Another thing is that I don’t have a very good memory. Many of the memory keeping card ideas are inspired by my children, since I am so aware of how precious they are and how fleeting this time is. I want to remember these moments: their mispronunciations, birthdays and Halloween.

I see this love and obsession being passed on to my kids. My son has always been obsessed with trucks. He would observe them on the streets and speculate, “that one could be dropping off a package, that one could be picking up the mail.” One day I got a package from a friend in Vienna that included a little postal truck toy — it immediately became Pablo’s prized possession. Of all the trucks and cars he has collected over the years this one is the clear favorite.

You mentioned your friend’s croquette recipe…do you do the cooking in your family? And, if so, are there favorite dishes that reappear often?

I do most of the cooking although Ted has a few specialties too. He always makes pancakes on the weekends, and every so often he makes fried chicken as a special treat. I usually cook a lot at once so I don’t have to cook everyday. We eat lots of vegetables and I often make croquettes – my father is Dutch and my mother is Chilean so they are a part of our culinary tradition on both sides.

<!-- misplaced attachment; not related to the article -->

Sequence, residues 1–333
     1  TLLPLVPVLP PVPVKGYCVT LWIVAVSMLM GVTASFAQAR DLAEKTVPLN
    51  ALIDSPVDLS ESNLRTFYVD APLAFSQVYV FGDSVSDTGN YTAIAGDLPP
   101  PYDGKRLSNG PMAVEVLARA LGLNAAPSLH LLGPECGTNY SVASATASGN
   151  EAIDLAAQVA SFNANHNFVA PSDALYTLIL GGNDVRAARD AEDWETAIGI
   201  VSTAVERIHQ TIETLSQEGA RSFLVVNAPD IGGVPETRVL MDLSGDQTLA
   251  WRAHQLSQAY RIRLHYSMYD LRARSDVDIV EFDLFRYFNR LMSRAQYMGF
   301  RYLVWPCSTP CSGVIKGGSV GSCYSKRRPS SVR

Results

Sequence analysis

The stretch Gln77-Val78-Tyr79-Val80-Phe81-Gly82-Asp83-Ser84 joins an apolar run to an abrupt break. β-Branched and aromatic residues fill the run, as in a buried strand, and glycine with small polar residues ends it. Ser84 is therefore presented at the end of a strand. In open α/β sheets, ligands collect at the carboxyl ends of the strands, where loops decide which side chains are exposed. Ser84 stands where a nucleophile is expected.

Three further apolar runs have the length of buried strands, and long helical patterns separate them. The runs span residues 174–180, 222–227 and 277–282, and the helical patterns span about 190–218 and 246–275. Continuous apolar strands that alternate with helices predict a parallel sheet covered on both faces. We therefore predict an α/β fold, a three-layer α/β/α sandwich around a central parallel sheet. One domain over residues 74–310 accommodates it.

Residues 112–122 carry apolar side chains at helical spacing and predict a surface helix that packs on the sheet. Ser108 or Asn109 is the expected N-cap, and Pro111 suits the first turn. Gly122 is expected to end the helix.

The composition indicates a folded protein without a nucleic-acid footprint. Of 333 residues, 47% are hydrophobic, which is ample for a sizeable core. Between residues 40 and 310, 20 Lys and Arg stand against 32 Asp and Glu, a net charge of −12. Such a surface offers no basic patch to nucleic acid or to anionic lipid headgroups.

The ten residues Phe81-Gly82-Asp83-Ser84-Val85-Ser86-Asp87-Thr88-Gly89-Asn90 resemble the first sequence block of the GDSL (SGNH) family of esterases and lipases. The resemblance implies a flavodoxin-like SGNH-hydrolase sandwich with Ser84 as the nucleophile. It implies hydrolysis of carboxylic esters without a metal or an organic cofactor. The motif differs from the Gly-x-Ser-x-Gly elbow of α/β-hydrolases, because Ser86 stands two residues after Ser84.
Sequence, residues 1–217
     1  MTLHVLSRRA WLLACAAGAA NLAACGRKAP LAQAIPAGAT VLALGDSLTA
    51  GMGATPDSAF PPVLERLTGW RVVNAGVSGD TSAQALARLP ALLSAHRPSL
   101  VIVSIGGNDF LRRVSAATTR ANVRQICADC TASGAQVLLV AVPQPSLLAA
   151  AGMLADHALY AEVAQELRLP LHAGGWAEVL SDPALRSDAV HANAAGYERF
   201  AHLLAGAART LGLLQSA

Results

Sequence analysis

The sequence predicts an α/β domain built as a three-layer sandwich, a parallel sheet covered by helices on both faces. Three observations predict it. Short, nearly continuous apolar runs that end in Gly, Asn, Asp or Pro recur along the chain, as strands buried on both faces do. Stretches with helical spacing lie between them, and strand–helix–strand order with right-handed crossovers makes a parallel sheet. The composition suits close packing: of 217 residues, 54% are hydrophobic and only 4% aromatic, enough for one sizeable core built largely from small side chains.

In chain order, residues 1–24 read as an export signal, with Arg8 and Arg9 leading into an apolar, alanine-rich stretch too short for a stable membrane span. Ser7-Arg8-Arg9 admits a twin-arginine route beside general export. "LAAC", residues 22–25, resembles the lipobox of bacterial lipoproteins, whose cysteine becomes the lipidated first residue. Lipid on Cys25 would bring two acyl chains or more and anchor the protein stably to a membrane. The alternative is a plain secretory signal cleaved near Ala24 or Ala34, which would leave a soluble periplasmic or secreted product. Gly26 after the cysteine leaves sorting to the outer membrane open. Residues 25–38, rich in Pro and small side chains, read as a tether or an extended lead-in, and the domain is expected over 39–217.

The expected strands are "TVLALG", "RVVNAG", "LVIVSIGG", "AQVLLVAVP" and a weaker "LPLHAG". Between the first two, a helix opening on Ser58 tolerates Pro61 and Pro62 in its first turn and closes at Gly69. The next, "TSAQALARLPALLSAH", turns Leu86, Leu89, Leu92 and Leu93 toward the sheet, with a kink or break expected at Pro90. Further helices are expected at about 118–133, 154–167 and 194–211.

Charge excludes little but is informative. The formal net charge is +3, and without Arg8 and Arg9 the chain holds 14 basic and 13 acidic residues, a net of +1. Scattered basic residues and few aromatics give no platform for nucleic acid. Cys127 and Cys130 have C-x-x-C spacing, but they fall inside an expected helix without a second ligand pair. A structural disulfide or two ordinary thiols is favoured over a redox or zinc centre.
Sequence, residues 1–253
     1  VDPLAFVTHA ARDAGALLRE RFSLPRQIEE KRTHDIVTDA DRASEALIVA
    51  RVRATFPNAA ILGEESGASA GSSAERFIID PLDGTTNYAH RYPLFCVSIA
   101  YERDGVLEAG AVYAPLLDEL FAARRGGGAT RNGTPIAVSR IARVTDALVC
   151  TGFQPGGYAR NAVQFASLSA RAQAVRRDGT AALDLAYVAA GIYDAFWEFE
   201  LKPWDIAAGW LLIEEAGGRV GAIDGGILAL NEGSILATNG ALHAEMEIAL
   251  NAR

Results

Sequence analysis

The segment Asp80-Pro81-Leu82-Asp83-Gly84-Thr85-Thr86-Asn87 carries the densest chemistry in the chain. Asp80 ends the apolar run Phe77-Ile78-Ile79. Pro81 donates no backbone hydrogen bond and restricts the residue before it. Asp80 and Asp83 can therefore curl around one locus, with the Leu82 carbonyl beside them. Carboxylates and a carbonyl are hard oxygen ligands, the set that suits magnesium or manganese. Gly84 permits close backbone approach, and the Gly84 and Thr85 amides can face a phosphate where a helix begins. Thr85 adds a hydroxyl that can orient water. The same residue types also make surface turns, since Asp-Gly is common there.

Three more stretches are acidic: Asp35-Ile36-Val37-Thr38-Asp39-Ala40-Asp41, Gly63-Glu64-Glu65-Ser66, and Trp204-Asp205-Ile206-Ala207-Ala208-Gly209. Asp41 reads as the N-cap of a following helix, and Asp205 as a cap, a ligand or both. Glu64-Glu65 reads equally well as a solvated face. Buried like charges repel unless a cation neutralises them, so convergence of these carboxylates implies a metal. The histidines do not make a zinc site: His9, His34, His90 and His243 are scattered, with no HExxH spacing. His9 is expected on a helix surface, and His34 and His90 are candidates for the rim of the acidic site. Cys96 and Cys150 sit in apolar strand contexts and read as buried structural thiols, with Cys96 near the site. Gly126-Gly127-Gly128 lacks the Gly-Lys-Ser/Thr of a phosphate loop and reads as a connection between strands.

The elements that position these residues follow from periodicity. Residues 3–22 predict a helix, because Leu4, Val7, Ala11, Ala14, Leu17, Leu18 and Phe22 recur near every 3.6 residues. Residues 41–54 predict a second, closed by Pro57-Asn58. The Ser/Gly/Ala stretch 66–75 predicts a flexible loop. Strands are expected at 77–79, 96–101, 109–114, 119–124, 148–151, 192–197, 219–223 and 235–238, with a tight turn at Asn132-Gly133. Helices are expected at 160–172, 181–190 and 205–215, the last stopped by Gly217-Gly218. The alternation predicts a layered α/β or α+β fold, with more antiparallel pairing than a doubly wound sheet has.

Do you have any special birthday traditions in your family?

Yes, we absolutely do! A few years ago I asked Django what she would like to do for her birthday and she responded, “Cake, in bed, for breakfast!” It was such a wonderful thing that it has been our family tradition ever since. Another tradition that we have is that every year on my birthday we go to the Metropolitan Museum of Art. I love seeing the kid’s familiarity with it now.

How do you feel about goody bags at birthday parties?

We all have so much already that I really don’t think we need to any more stuff. I think maybe we would all reflect on the specialness of the party more if there was less focus on goody bags. That said, I usually give each child a small book as a favor.

What is a typical weekend like for you?

The weekend always starts with pancakes. I always grab the thinnest one (I think that is a Dutch thing) and spread jam on it. We live right near a park so Ted takes the kids out after breakfast and that is when I get a fair amount of work done. Sundays we usually do a family adventure. Adventure is a huge word in our house. The one thing I am really happy about for the children is that they are tree climbers. We found a couple low branches in Prospect Park and now I find them perching up the tree like monkeys. It makes me breathe easy. Living in a typical small city apartment I love getting them outdoors.

Do you have other family rituals?

At bedtime we always ask what did you like about your day and what did you not like about your day. I find after school is not the best time to talk about school – bedtime is better. I share my best and worst things too. I don’t like ending on a negative so I try to think about that too.

What is the best parenting advice you ever got?

Just to observe your children. Good parenting follows when you see what they need and like. I also really enjoyed a book by John Holt called  Learning all the Time.He reminds us to not limit our ideas about learning to school but to recognize that there are opportunities for learning everywhere.

How do you feel about screen time?